“The national call to increase the amount of college graduates we have in America to meet the growing demands of a 21st century workforce should be met with ample investment. Senator Gillibrand's initiative to help those with existing loans refinance for a lower rate is an important first step towards strengthening economic opportunity for those who have been victimized by burdensome student loan debt.”
To address the burden faced by graduates struggling to repay their federal student loans, Gillibrand’s legislation, also known as the Federal Student Loan Refinancing Act, would enable individuals who have an interest rate above 4 percent to refinance their federal loans at a lower, fixed interest rate of 4 percent. Here in New York City, the average debt of graduates with federal loans from the 2010-2011 school year is more than $20,000.
Since a majority of federal student debt is set at an interest rate higher than 6 percent, Senator Gillibrand’s legislation would bring much needed relief to millions of New Yorkers, significantly impacting the vast majority of the 2.7 million borrowers in New York and the 37 million borrowers nationwide. Gillibrand’s bill would lower the interest rates for nearly 9 in 10 federal student loans nationwide.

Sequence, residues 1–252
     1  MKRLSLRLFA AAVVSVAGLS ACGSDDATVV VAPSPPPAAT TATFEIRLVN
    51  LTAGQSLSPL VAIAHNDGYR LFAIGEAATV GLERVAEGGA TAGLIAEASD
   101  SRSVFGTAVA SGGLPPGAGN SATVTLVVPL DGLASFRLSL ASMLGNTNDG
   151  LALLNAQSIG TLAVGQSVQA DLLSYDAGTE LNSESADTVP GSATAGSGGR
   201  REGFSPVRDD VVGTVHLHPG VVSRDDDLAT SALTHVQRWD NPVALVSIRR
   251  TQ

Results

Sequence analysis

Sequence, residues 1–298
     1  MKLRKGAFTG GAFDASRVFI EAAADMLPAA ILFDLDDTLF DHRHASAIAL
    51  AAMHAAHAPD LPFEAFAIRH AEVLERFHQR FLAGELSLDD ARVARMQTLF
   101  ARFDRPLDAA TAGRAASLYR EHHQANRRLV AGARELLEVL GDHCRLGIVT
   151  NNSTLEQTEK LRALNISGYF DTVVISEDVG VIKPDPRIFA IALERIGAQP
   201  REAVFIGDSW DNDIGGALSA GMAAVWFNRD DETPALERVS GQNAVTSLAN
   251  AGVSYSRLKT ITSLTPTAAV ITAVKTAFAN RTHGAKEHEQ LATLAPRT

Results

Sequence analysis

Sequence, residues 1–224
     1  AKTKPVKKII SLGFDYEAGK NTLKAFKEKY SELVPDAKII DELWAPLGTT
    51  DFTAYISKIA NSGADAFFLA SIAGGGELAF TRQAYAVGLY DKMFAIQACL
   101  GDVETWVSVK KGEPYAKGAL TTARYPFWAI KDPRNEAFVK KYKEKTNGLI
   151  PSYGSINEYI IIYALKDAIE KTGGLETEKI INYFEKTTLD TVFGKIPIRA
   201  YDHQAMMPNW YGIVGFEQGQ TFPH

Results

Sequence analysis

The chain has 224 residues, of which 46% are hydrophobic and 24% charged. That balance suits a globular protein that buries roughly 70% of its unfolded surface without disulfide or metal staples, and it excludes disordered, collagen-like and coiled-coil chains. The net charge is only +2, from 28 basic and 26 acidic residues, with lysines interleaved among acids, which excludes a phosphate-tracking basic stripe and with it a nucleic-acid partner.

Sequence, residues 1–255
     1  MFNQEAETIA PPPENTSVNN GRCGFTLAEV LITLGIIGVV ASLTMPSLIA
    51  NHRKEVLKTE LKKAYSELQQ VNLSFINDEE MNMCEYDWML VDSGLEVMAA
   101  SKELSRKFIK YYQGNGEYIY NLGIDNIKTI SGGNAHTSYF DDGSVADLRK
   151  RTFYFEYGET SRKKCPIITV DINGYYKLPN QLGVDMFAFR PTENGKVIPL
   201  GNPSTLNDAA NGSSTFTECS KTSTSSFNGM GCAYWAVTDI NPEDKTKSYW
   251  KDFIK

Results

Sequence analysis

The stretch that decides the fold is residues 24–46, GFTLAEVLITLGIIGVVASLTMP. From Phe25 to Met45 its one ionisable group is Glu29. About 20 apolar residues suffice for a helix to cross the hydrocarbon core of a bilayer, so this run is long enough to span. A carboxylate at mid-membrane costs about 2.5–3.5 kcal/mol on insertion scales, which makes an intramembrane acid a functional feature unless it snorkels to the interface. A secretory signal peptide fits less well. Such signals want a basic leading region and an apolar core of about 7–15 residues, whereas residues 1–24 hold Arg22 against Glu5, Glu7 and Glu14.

A Center for American Progress report reveals that refinancing would increase disposable income nationwide by an estimated $14.5 billion in the first year alone. Interest rates are at historic lows, with homeowners, corporations and localities refinancing their debts. However, students and families who take out loans to pay for higher education are getting left behind in the refinancing boom. Senator Gillibrand’s legislation would provide these graduates with a six month window to reduce their rates on all federally-owned student loans.
Senator Gillibrand is also helping to lead the charge in the Senate on legislation, called the Student Loan Affordability Act, that would prevent the interest rate on Stafford loans from doubling to 6.8 percent in July. Subsidized Stafford loans, which are available to undergraduates based on financial need, make up more than a third of federal student aid. Here in New York, more than 422,000 students have borrowed funds through Stafford student loans. With a deadline for a rate hike looming, Senator Gillibrand is pushing for a Senate bill that is fully paid for and would freeze need-based student loan interest rates at 3.4 percent for two years while Congress works towards a long-term solution to slow the rapid accumulation of student-loan debt. The bill would be fully paid for by closing three egregious tax loopholes, including closing corporate offshore tax loopholes.
The nation’s $1.1 trillion in student loan debt is contributing to sluggish economic growth, negatively impacting young borrowers’ purchasing power, home and car ownership, and even small business growth and entrepreneurship. Keeping interest rates low would help reduce the debt burden on students and strengthen their purchasing power to boost economic growth.